When there is Greek in black font (in grammatical category explanations), it looks great. But the Greek in the charts in orange has a fuzzy or slightly blurry, pixelated appearance. There are also quite a few charts that are in landscape orientation (rather than the default portrait orientation), so that the reader has to flip the book sideways. That alone would not be a huge deal, but the orange was distracting to me.

Hopefully there will be demand for future printings, and hopefully future printings will make the layout and fonts more useable. And despite the omission of vocabulary, this guide has great content. Resources on sentence and phrase diagramming for Greek are few and far between, but Huffman’s guide covers that territory well, and having that coupled with quick-reference charts will help just about anyone seeking to retain and improve their biblical Greek.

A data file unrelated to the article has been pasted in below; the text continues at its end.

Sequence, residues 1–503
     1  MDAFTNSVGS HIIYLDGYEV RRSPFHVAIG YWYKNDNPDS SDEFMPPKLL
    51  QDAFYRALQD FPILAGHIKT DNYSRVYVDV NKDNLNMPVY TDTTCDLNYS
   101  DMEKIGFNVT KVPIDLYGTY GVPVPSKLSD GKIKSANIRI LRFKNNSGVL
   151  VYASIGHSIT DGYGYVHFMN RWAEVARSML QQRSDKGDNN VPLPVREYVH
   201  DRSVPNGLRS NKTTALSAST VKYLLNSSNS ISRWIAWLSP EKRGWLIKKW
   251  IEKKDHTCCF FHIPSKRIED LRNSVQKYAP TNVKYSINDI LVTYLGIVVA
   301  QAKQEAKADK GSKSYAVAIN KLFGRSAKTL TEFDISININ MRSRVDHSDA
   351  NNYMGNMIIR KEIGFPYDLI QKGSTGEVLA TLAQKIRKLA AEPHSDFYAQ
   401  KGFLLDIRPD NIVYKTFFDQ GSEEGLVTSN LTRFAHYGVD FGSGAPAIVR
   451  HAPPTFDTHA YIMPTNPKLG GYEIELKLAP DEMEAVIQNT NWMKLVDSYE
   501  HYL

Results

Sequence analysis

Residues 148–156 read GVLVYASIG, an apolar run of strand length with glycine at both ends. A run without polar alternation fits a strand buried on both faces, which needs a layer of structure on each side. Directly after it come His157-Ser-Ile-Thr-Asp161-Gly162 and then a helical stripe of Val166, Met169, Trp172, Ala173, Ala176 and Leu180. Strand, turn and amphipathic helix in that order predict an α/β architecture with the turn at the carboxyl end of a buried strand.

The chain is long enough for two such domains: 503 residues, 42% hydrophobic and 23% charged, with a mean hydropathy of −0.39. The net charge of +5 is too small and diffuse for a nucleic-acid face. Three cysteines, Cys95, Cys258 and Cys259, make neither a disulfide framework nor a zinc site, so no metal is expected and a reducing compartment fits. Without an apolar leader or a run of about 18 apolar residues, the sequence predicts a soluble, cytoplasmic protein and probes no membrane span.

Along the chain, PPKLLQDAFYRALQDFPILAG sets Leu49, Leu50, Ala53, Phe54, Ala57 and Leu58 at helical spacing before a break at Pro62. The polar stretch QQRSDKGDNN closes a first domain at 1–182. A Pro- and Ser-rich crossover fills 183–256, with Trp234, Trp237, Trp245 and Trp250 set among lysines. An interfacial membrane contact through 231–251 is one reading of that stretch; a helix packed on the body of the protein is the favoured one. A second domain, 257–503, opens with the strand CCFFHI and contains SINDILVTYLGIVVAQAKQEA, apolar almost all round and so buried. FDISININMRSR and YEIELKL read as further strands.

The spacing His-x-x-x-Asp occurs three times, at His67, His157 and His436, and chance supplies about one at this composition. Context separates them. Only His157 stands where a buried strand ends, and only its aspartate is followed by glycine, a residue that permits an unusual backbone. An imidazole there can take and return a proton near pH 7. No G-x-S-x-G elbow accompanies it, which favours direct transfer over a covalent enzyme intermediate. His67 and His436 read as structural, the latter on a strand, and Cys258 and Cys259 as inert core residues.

Kregel sent me a copy of the book for review. Its product page is here, and it’s on Amazon here. The Table of Contents are here (pdf); read an excerpt here (pdf).

3 Comments leave one →
  1. April 9, 2013 8:43 am

    Abram,

    I’ve been using this book for a few weeks and have the exact same experience – the diagramming section is excellent, the charts are nice and useful (though I wish I could get a full PDF to read it on my iPad), the color scheme is a dose of eye-bleach. Some of the pages appear to have been misprinted – the two different printed colors don’t align perfectly and it makes the text appear “fuzzy”.

    b

    • April 9, 2013 9:58 am

      Hi, Bob! “Dose of eye-bleach” made me chuckle. Maybe there will be a re-print or new edition–Kregel much more often than not has great typesetting for Greek and Hebrew, in my opinion.